The Third Brother

Thomas Harland was the elder brother of George and Michael and had come with them from Durham. By 1687 Thomas was a married man of about 40 years of age, with a large and growing family. He had married Katherine Bullock on 7 February 1680 in the Quaker manner at the "house of Francis Robinson in the Parish of Segoe, County Armagh." His wife died in March 1690. He must have approved the decision of his brothers to go to America and may have helped finance the venture, but he himself elected to stay in Ireland rather than go to the Delaware, and perhaps his reluctance to move was dictated by his family situation. There is uncertainty concerning his date of death, but Quaker records at the Public Records Office in Northern Ireland [PRONI] list the burial of a Thomas Harland at Moyraverty Quaker Burial Ground (near Lurgan) in 1683. Quaker records are sometimes misleading as when dealing with a marriage, etc., it is not always clear who were the prime-moves and who were just witnesses. We agree with Alpheus Harlan that he remarried, and records show that a Thomas Harland did marry Alice Foster, of Lisnegarvy at Richard Boyes house, Ballinderry Meeting, County of Armagh, in 1702. They were the parents of two sons, James and Thomas, and a daughter, Abigail. There is also a 1723 reference to a Thomas Harland being given assistance by the Friends following a fire "he being too old to recoup alone," but there the trail goes cold. My own family believes we are descendants of Thomas, but there were other Harlands in the Lurgan area, and this claim, and hence our claim of connection to the Harlan Family in America, is beyond proof or disproof.

Harlands are to be found in the Lurgan area to this day, and I know that some members of the Harlan Family Association have had the opportunity to meet Jim Harland and his charming wife Lillian, who live in Lurgan. He is of particular interest, in that he must be a descendant of Thomas Harland, brother of George and Michael, since following a tradition going back over three hundred years, the family are still members of the Lurgan Quaker Meeting.

In the matter of the presence or absence of terminal "d": I always imagined that the Brothers intentionally dropped this after going to America, perhaps after meeting Huguenots who used that spelling. However, in the 17th century, the orthography was not fixed, and reflecting the level of literacy obtaining at the time, in Irish records we find the name spelled both ways - not to mention Harlen and Harlin.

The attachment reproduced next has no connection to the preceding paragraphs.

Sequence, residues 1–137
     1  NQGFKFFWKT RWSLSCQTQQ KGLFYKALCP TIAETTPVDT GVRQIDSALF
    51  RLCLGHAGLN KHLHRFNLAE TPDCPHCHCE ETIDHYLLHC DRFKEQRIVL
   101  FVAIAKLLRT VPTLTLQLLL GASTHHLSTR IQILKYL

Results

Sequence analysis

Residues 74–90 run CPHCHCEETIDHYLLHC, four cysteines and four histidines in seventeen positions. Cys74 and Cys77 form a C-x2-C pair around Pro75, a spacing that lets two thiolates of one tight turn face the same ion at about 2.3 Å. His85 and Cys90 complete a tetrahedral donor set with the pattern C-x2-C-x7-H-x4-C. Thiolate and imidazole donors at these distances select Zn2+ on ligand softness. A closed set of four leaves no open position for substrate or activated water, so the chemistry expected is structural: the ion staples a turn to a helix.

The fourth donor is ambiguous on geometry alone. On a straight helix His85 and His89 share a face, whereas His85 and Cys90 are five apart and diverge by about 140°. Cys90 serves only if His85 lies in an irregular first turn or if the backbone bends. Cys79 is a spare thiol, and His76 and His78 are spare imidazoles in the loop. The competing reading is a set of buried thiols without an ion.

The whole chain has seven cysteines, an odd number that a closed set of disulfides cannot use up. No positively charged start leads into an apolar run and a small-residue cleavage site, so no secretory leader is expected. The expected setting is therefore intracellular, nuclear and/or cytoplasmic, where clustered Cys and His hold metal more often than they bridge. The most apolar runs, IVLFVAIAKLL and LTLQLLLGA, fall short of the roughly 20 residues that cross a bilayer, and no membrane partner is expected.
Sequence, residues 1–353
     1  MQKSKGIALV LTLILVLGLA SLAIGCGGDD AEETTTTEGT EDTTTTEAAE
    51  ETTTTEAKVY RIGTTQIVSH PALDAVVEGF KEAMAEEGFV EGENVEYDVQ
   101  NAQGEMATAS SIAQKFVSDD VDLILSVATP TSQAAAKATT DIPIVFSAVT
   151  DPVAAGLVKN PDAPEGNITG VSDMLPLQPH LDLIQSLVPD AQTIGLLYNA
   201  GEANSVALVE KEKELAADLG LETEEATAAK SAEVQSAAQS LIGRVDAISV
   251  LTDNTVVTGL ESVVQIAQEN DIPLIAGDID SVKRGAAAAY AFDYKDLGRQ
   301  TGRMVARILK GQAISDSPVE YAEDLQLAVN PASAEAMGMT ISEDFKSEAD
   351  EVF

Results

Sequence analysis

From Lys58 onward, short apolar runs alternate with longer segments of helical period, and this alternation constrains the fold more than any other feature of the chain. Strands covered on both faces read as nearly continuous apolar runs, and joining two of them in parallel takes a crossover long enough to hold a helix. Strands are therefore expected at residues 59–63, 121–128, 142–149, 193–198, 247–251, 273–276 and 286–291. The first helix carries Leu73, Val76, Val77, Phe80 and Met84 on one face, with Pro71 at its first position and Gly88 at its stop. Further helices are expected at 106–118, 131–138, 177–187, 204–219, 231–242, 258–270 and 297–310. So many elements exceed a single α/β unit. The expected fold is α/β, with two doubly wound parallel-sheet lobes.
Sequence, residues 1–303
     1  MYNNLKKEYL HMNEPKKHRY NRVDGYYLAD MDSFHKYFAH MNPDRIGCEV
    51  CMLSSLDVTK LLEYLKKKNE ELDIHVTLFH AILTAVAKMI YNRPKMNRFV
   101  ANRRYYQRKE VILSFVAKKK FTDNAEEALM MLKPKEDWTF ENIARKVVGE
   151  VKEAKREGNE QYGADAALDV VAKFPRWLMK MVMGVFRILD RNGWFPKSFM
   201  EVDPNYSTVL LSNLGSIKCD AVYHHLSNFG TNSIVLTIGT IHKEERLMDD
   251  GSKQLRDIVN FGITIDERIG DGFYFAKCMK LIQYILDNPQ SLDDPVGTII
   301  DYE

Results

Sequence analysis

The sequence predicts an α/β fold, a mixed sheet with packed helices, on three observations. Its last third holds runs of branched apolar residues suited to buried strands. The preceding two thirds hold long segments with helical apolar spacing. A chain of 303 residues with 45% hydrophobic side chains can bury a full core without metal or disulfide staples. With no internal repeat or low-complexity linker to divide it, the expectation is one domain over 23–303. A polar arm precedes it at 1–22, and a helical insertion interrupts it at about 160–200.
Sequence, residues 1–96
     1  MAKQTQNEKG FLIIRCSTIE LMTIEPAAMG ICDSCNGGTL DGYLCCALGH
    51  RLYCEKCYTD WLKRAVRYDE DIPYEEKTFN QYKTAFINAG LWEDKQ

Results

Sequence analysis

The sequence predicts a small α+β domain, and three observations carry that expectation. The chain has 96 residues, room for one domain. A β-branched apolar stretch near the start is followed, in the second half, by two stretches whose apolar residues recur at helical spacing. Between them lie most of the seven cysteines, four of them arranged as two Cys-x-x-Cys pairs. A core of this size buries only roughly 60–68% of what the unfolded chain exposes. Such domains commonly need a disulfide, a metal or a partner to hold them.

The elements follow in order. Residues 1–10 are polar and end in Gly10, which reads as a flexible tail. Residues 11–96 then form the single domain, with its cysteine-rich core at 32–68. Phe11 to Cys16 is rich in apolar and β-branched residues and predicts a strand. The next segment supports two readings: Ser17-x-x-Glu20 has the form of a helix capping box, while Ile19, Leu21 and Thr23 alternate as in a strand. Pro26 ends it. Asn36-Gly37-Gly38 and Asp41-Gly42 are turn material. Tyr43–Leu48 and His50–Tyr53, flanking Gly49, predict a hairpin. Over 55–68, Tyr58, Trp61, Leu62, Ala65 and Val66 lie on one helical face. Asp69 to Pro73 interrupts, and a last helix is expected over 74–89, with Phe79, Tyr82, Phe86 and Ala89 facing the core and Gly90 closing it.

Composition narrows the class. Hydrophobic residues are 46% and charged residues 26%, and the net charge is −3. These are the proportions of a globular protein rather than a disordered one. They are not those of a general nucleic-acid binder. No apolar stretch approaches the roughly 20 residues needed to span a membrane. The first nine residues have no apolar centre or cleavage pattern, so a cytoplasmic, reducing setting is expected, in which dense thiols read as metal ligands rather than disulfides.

The original inhabitants

We have already outlined what in a general way the fate of the Irish peasants, but what of the owners of the Parish of Donaghcloney and the land upon which the Brothers settled? The Magennis family were the hereditary territorial lords of Iveagh, County Down, and like many of the great Irish septs took advantage of the English policy of "surrender and re-grant" following the Treaty of Mellifont in 1603. In the early 17th century, the land was parceled out to individual members of the Magennis family, but in many cases by the time of the 1641 rebellion, the recipients had sold their interest to others, including English and Scots settlers. I am told that Donaghcloney was owned by a cousin of Sir Arthur Magennis, who had been created Viscount Iveagh by King James I in 1623. This chap must have backed the wrong horse in the rebellion of 1641 since Donaghcloney was confiscated by Cromwell in 1651 [Dr. Eoin Magennis: Personal communication] {13}.

The details are a bit uncertain, but after the defeat of James II in 1691, if not earlier, the hereditary leaders of the Clan Magennis left Ireland, along with thousands of other "Wild Geese" {14}, {15}, {16}. [The term "Wild Geese" was originally applied to Irish soldiers who left the country in 1691 with Patrick Sarsfield, but is now commonly applied to those who preceded and followed them. For whatever reason, professional soldiering has had great appeal to the Irish. During the 18th and 19th centuries the British Army was heavily dependent on recruitment in Ireland, but significant numbers of Irishmen served in various continental armies. The tradition goes back to the Irish Regiment, "Tercio Irlanda," fighting in Flanders for Spain in the reign of Elizabeth, and extends to, by some estimates, 200,000 men who fought in Irish Regiments of the French army, between 1692 to 1792. Following the Treaty of Rijswijk in 1697, some of the French regiments were disbanded; those demobilized sought employment as professional soldiers in other countries. Brian, second Baron Iveagh, was killed in 1703 while fighting in the Austrian service against the Turks. His brother Roger, third Baron, was killed in 1709, and judging by the date this happened at the Battle of Malplaquet. The hereditary title was resuscitated in 1891, when Sir Edward C. Guinness became Baron of Iveagh in 1891.]


This overarches everything, and our story can only be viewed in the context of the religious turmoil that characterized the 17th and 18th centuries. Looking back from a more secular age, we find it almost inconceivable that folk of that day could become so obsessed with doctrinal minutiae, as to cause them to behave towards each other in the way they did - acting in an extremely unchristian manner towards those with whom they disagreed, and not being loath to take up arms and slay anyone who did not support their particular theological perspective. However, these sectarian differences were the engine driving many of the events we will be discussing, and I will try in as unbiased a fashion as possible, to outline in a few paragraphs the religious background of the mid-17th Century, as it affects the Brothers' story. The historical record is far from tidy and it is impossible to list and analyze the interrelationships of all the denominations that arose in a period of intense spiritual hunger and intellectual ferment, but here are the main points.